On the Origin of Species is Charles Darwin's classic treatise on his theory of evolution and natural selection and is among the most important works in the history of science and evolutionary biology. When on board H.M.S. Beagle, as naturalist, I was much struck with certain facts in the distribution of the inhabitants of South America, and in the geological relations of the present to the past inhabitants of that continent. These facts seemed to me to throw some light on the origin of species--that mystery of mysteries, as it has been called by one of our greatest philosophers. On the Origin of Species (or more completely, On the Origin of Species by Means of Natural Selection, or the Preservation of Favoured Races in the Struggle for Life), 3] published on 24 November 1859, is a work of scientific literature by Charles Darwin which is considered to be the foundation of evolutionary biology. Darwin's book introduced the scientific theory that populations evolve over the course of generations through a process of natural selection. It presented a body of evidence that the diversity of life arose by common descent through a branching pattern of evolution. Darwin included evidence that he had gathered on the Beagle expedition in the 1830s and his subsequent findings from research, correspondence, and experimentation. 5] Various evolutionary ideas had already been proposed to explain new findings in biology. There was growing support for such ideas among dissident anatomists and the general public, but during the first half of the 19th century the English scientific establishment was closely tied to the Church of England, while science was part of natural theology. Ideas about the transmutation of species were controversial as they conflicted with the beliefs that species were unchanging parts of a designed hierarchy and that humans were unique, unrelated to other animals. The political and theological implications were intensely debated, but transmutation was not accepted by the scientific mainstream. The book was written for non-specialist readers and attracted widespread interest upon its publication. As Darwin was an eminent scientist, his findings were taken seriously and the evidence he presented generated scientific, philosophical, and religious discussion. The debate over the book contributed to the campaign by T. H. Huxley and his fellow members of the X Club to secularise science by promoting scientific naturalism. Within two decades there was widespread scientific agreement that evolution, with a branching pattern of common descent, had occurred, but scientists were slow to give natural selection the significance that Darwin thought appropriate. During "the eclipse of Darwinism" from the 1880s to the 1930s, various other mechanisms of evolution were given more credit. With the development of the modern evolutionary synthesis in the 1930s and 1940s, Darwin's concept of evolutionary adaptation through natural selection became central to modern evolutionary theory, and it has now become the unifying concept of the life sciences, especially evolutionary biology.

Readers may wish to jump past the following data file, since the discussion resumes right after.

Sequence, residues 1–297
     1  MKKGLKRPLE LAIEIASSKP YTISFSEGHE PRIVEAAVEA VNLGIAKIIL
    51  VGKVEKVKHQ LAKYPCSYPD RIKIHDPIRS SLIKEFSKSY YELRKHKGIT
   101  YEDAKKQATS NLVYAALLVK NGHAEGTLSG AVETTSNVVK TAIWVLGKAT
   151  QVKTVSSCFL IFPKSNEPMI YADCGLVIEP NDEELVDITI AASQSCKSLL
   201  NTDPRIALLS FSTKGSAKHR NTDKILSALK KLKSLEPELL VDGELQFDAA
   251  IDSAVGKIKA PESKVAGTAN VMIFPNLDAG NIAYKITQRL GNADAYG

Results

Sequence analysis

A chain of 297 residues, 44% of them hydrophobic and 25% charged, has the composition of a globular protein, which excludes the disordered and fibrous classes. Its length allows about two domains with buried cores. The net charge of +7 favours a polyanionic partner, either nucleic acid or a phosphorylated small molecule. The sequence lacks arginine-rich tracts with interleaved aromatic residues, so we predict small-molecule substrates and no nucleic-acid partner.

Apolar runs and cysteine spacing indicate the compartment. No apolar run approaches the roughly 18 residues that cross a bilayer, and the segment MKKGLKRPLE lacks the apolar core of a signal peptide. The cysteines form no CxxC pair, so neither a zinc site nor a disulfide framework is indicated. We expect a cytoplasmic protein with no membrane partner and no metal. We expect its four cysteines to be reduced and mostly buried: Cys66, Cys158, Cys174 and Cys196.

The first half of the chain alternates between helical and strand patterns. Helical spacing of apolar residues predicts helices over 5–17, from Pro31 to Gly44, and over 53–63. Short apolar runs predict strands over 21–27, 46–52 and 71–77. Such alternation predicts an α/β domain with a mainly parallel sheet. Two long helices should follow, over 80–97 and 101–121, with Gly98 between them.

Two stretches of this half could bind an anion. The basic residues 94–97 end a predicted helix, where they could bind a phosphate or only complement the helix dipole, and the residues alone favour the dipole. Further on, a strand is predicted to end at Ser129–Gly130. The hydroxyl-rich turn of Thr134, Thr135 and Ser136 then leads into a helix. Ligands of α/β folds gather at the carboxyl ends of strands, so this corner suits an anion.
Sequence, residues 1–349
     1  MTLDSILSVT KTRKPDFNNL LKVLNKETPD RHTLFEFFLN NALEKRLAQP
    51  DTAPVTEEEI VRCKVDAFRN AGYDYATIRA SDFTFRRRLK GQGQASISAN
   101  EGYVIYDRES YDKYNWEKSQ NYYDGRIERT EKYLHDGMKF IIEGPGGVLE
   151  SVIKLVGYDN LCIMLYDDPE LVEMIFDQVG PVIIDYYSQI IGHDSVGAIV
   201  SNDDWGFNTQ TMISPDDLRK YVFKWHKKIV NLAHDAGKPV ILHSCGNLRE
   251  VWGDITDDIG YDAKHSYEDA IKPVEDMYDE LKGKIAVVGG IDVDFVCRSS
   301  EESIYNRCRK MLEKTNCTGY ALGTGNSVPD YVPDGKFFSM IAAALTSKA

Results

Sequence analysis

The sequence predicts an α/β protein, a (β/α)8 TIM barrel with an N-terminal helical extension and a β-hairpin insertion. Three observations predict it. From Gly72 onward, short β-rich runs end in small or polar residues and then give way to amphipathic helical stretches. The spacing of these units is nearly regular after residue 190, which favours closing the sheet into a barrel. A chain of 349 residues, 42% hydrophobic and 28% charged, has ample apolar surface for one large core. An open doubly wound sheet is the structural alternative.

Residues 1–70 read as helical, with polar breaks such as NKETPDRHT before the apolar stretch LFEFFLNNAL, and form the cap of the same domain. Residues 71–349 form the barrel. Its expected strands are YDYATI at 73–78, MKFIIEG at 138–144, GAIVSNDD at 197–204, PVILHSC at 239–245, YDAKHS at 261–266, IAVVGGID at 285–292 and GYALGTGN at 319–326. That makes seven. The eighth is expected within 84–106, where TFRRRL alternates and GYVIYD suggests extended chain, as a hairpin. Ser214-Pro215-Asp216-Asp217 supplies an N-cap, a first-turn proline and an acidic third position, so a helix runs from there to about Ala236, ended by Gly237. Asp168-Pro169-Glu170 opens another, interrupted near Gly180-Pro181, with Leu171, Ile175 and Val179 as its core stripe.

Charles Darwin, a Victorian scientist and naturalist, has become one of the most famous figures of science to date. The advent of On the Origin of Species by Means of Natural Selection in 1859 challenged and contradicted all contemporary biological and religious beliefs. Damien Hirst is an internationally renowned English artist. Known in particular for his series of works on death, Hirst here provides a contemporary, visual take on Darwin's theory of evolution. William Bynum is Professor Emeritus of the History of Medicine at University College, London, and was for many years Head of the Academic Unit of the Wellcome Institute for the History of Medicine.